Director: George Cukor
Stars: Ingrid Bergman, Charles Boyer, Joseph Cotten
As I mentioned recently, I don’t watch very many films at all at the moment – I’m way too busy reading. Last night, however, my girlfriend and I sat down to watch Gaslight, specifically the 1944 American-produced version (following the 1940 film adaptation of Patrick Hamilton’s 1938 play). This was a film we’d been meaning to watch for a few months now, after she’d introduced me to the term “gaslighting”, a form of psychological abuse owing its name to the play and its adaptations. All will become clear.
The film opens with reports of the London murder of Alice Alquist, famous opera singer, before cutting forward to Italy several years later, where her niece, Paula (Bergman) is receiving musical training from a man who once coached Alice herself. However, Paula has had her head turned by Gregory Anton (Boyer), losing passion for her studies, and soon abandons her tutelage to marry him. He persuades her to move back to the house where her aunt was murdered (in which Paula had lived at the time). Among her aunt’s possessions, which are swiftly moved to the loft for Paula’s peace of mind, she finds a letter dated two days before the murder from a man named “Sergius Bauer” which could help solve the yet-uncracked case; Gregory swiftly relinquishes her of this and keeps it to himself.
Soon afterwards, strange events begin to happen around Paula which she is unable to explain. She begins to misplace items, finding them in places she is sure she didn’t put them (or not finding them at all). Meanwhile, a man in the park recognises in Gregory a man whom he thought to be dead – this man, who turns out to be Brian Cameron of Scotland Yard (Cotten) starts to use his connections to investigate the matter. These investigations are not helped by Gregory, who makes every effort to isolate his wife from the world, thereby encouraging her feelings of confusion and persecution – feelings which are increasingly revealed as justified, as it becomes evident that Gregory is deliberately misleading his wife in an attempt to convince her that she is going mad (i.e., “gaslighting” her). Furthermore, Cameron’s investigations reveal that Gregory Anton is none other than Sergius Bauer, author of the mysterious letter and murderer of Alice Alquist. He married Paula in order to find some precious stones, for which he had killed her aunt but failed to locate. In the dénoument, he finds these jewels, but not before his atrocious behaviour is revealed to his wife by the heroic Cameron, who has arrived to detain the murderer and thief…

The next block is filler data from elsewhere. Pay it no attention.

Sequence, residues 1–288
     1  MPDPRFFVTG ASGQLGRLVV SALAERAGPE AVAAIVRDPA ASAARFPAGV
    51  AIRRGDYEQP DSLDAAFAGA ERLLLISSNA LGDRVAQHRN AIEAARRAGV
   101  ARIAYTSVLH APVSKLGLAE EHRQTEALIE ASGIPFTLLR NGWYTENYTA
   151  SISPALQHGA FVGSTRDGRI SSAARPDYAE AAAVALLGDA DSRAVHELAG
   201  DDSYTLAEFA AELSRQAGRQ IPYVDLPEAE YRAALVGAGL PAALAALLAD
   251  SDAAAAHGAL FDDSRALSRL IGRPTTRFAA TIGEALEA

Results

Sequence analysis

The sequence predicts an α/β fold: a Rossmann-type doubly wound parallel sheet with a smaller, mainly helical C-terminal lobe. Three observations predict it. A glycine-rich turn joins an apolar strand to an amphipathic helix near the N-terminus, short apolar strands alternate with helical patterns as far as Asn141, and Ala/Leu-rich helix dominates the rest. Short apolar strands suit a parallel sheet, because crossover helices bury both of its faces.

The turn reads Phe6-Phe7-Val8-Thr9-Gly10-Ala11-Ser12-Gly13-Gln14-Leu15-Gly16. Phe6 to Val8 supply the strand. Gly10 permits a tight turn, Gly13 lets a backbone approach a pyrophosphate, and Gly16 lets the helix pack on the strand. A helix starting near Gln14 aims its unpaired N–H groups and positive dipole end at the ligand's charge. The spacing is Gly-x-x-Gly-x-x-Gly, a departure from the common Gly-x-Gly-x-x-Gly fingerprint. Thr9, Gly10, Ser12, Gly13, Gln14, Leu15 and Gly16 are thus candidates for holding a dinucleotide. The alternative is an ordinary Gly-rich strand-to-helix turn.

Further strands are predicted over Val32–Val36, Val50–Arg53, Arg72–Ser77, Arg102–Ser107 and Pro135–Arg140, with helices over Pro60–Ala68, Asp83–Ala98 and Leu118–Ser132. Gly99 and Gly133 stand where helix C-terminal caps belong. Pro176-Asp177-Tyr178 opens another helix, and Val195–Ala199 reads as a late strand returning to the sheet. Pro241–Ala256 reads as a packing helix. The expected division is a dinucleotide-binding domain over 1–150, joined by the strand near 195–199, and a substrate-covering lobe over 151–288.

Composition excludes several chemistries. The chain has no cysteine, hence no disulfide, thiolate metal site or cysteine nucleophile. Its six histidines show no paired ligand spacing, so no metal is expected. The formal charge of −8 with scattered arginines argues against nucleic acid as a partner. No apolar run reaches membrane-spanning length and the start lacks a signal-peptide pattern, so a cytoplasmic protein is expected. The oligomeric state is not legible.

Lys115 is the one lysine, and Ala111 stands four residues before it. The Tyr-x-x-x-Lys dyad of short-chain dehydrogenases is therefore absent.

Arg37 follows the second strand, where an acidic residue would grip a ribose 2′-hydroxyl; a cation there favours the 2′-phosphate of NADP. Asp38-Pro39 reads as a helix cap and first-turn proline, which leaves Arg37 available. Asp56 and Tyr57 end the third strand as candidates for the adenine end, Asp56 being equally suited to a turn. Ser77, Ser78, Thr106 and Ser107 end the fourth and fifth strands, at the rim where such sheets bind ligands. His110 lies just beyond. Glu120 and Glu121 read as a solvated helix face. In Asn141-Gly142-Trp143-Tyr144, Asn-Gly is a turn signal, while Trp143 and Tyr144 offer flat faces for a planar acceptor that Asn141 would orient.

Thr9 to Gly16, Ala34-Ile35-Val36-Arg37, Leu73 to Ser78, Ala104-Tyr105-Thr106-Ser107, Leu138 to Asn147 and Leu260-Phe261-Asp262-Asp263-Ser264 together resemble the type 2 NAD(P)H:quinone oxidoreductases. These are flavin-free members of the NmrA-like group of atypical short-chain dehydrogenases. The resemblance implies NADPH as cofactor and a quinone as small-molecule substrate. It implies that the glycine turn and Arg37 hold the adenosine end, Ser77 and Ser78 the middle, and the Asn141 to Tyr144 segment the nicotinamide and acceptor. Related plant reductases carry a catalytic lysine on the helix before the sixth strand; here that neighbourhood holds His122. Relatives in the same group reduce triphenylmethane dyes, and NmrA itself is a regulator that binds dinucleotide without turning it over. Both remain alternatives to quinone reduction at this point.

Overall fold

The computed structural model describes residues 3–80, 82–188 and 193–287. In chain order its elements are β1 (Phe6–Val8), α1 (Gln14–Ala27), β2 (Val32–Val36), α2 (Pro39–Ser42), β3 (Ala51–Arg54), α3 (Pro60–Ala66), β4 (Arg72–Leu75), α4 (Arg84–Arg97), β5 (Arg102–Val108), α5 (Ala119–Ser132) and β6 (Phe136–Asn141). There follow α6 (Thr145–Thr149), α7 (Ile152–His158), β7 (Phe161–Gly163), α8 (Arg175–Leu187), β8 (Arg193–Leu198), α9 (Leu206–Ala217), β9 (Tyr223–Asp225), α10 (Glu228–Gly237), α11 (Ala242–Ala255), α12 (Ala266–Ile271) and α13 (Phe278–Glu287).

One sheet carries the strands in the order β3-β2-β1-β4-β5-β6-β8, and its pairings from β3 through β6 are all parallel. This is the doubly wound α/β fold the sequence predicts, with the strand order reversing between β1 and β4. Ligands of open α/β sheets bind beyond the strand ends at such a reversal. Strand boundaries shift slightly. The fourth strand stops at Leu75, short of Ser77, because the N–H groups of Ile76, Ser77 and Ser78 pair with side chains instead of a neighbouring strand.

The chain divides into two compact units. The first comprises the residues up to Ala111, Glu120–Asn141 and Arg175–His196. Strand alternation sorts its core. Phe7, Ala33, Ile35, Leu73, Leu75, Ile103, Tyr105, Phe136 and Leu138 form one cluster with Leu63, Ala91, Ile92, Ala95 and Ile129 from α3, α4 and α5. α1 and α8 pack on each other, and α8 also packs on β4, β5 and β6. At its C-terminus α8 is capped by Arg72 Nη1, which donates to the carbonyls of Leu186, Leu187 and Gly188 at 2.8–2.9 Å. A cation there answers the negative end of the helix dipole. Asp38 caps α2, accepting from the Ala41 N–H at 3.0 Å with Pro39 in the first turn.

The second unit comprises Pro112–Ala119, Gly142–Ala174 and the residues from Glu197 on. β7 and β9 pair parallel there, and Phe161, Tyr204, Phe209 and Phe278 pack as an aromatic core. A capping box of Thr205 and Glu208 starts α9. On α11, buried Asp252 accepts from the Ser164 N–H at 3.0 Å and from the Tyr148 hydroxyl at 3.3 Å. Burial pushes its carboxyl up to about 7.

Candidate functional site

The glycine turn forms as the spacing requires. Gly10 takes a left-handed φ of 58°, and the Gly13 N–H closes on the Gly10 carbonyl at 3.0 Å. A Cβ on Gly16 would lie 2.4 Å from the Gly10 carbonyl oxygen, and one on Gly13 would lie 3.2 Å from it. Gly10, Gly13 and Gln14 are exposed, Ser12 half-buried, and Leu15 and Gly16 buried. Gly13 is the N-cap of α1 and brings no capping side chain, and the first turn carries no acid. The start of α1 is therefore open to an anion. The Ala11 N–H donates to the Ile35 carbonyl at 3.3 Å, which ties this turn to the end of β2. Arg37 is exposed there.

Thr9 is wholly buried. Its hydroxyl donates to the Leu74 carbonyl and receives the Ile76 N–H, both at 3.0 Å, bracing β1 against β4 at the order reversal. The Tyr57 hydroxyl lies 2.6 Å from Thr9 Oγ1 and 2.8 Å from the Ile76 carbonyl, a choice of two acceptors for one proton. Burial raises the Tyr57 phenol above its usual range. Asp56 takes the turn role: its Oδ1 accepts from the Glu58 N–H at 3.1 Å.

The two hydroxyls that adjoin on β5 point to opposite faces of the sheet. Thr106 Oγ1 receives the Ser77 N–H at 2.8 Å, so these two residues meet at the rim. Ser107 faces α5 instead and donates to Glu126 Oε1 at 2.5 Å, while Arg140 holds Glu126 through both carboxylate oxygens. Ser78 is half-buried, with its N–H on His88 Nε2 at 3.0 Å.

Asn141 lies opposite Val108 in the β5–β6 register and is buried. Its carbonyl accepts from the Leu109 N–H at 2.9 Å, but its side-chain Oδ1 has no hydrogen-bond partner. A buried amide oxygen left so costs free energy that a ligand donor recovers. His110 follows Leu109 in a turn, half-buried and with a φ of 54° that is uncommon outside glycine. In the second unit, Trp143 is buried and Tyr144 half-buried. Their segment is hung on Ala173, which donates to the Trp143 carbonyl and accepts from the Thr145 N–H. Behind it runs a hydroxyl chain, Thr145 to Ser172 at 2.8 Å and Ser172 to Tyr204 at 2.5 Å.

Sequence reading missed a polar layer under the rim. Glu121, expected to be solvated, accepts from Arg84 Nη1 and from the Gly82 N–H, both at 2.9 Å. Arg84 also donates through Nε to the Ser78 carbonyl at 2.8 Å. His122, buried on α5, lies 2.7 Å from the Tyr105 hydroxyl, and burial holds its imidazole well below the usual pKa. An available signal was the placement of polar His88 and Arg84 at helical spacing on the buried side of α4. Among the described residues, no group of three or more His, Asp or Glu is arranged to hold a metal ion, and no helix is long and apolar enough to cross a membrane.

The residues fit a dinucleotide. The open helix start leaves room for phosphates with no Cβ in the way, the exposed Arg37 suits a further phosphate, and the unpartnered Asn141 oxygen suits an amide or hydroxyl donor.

Gaslight is definitely worth watching, at least as much for its cultural significance as for its inherent quality as a film. It suffers a little from traditional 40s over-acting, with a few interesting accents, but overall it’s a well-produced movie. It also has some significance as the screen début of Angela Lansbury, aged 18, as a coarse maid who is either in on Gregory’s plot or just plain nasty. But the idea behind the plot is a powerful and quite disturbing notion of abuse, making Anton one of the more despicable characters to grace my screen. His eventual comeuppance is long-awaited and well-deserved, and the satisfaction of that is perhaps the highlight of the film.
My Rating: 8/10